We’re almost done the first week. By now, the shine is probably wearing off a bit. The “fun” factor is probably fading. But that is to be expected. This is especially true if you are just starting out on a fitness challenge. So the reality is that around week one (and even more in week two), you are likely to experience a host of inconveniences, disruptions, sacrifices, and perhaps even some sore muscles. All of these go along with ramping up the level (or the intensity) of our physical activity.

So how should we cope with that? Honestly, it’s enough to make many people quit. As I suggested last year, we need to expect the excitement and enthusiasm to fade a bit and even be replaced by some thoughts of boredom, discouragement or even futility. And that is why you can pick up a sweet deal on exercise equipment at the landfill in January. Sometimes you can still smell the smoke of burning New Year’s resolutions lingering in the air…

People can get into “fitness” with totally the wrong mindset, focusing first on all the benefits and mental selfies of their buff, fit new body. When it hasn’t happened in the first week, disillusionment can set in and, unless you have iron fortitude, you are likely to give up. Not only that, you will probably give up with a really bad taste for “fitness” in your mind. That is an unfortunate misunderstanding: it wasn’t so much the end results we were dreaming about that were unrealistic, but rather their timing. The results don’t happen before the process has taken place.

Change generally occurs in small, incremental steps. When you think about it, the “change” we are talking about, i.e., physical change, simply reflects our body’s adaptations to physical stress. Exercise can be  exactly that kind of physical stress, depending on the level of intensity, but our body experiences it and then adapts to it. We can experience the “adaptation” period as stiff muscles and fatigue. But that is the reality of it. I’m not saying you MUST be stiff and sore (that is often intensity-related), but the adaptation period often feels less than pleasant.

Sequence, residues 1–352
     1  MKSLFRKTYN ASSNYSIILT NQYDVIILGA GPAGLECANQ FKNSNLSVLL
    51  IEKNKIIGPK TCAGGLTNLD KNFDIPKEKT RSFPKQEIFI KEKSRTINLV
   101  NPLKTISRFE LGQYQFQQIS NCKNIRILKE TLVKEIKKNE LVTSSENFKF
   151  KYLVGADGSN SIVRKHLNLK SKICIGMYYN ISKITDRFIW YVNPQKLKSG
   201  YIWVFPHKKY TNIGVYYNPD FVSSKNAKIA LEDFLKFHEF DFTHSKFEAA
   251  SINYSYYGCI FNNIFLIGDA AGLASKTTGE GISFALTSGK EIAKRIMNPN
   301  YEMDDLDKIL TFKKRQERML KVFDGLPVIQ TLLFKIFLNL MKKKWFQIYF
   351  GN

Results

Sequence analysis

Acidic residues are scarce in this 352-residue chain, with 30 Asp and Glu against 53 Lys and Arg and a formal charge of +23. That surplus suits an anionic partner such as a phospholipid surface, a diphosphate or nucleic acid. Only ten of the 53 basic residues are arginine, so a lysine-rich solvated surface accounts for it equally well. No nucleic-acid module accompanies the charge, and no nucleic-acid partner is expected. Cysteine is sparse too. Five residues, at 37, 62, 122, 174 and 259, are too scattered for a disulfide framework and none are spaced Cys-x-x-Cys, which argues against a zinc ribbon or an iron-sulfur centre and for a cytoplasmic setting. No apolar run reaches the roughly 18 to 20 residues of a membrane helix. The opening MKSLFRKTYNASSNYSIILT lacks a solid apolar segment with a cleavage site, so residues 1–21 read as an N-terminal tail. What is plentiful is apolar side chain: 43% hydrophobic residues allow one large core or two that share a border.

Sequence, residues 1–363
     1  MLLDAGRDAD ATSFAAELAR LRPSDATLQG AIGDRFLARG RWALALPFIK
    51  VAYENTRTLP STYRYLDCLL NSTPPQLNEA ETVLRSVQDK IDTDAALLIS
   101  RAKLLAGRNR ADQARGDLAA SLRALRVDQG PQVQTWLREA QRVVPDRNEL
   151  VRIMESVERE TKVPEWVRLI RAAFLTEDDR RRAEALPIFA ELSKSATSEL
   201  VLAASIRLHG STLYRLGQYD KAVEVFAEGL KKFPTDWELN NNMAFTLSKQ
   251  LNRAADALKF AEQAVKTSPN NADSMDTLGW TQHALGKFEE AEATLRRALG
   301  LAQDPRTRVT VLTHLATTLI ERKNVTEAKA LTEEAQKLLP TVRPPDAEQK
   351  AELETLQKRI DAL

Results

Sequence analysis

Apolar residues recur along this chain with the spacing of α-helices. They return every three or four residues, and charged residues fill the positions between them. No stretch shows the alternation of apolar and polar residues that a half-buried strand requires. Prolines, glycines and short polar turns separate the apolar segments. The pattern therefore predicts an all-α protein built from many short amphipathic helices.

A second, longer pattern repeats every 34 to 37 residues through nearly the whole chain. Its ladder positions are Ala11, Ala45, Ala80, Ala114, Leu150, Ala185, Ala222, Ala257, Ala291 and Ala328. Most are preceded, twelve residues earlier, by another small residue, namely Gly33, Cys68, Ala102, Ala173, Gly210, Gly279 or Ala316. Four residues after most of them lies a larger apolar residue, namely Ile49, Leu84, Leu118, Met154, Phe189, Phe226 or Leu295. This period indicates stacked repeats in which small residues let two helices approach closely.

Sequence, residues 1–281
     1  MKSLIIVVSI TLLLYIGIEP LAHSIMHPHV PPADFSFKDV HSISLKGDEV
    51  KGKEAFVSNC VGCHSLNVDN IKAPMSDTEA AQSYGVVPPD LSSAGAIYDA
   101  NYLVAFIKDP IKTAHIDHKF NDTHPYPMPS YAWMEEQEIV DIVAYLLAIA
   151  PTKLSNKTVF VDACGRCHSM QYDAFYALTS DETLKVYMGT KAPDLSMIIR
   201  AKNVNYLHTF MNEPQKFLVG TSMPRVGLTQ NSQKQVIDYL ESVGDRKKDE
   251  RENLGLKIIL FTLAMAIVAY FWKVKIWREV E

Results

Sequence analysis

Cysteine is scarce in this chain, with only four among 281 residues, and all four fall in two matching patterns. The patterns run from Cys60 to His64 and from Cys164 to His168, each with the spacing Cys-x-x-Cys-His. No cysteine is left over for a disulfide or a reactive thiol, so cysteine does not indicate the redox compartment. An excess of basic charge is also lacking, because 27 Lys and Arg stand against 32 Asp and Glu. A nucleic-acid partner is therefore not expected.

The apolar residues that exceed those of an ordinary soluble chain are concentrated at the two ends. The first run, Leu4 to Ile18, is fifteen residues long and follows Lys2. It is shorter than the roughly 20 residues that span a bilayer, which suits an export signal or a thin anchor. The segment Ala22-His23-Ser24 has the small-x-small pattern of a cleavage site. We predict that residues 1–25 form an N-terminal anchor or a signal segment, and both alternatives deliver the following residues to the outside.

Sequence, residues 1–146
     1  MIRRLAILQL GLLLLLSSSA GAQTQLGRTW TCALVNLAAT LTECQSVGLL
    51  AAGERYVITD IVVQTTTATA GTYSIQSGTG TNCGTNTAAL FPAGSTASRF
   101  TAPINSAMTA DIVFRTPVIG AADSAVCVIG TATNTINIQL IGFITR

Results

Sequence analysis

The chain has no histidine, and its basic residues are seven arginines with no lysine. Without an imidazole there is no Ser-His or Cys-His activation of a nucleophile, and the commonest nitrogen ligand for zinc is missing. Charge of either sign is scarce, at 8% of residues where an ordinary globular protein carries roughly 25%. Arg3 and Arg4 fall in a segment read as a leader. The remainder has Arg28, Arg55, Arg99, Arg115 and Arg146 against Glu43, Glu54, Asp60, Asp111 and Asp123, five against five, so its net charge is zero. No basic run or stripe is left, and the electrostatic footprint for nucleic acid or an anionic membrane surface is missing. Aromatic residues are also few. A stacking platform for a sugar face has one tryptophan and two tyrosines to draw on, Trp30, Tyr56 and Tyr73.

So, we need to get real. We need to have realistic expectations. If you talk with anyone who started out last February and chugged away all through the challenge, I’ll bet they will tell you how the first few weeks were difficult in many ways (that’s the reality). However, I’ll bet they will also tell you that they started experiencing the real progress and positive changes toward the end of the four week challenge. So, to be real about it, don’t expect a euphoric buzz in the first few weeks of this or any fitness challenge. You are adapting to a higher activity level and you have to pay the piper, as it were.

Above all, try to simply experience this experience; keep on working on your fitness goals and remember there are lots of us chugging along with you. Transitioning from week one to week two is where it gets real!

One thought on “Day 6: It Gets Real”
  1. Very True-
    Mac and Casey are still keenly chugging along. Casey was watching the lady gaga halftime show while doing squats!
    What has given me a boost is a well timed break. I took the weekend off from kettlebell swings, so yes I know that today i have a few days of pain in front of me but I also know that if I can get through them I will have another day off in a bit. I also mix up my kettlebell swings. On Friday I did them with a step forward after each swing. It made it pretty interesting as I did my workout up and down my hallway at work instead of in the gym! Created some interesting engagements! Have a great week 2 to everyone!

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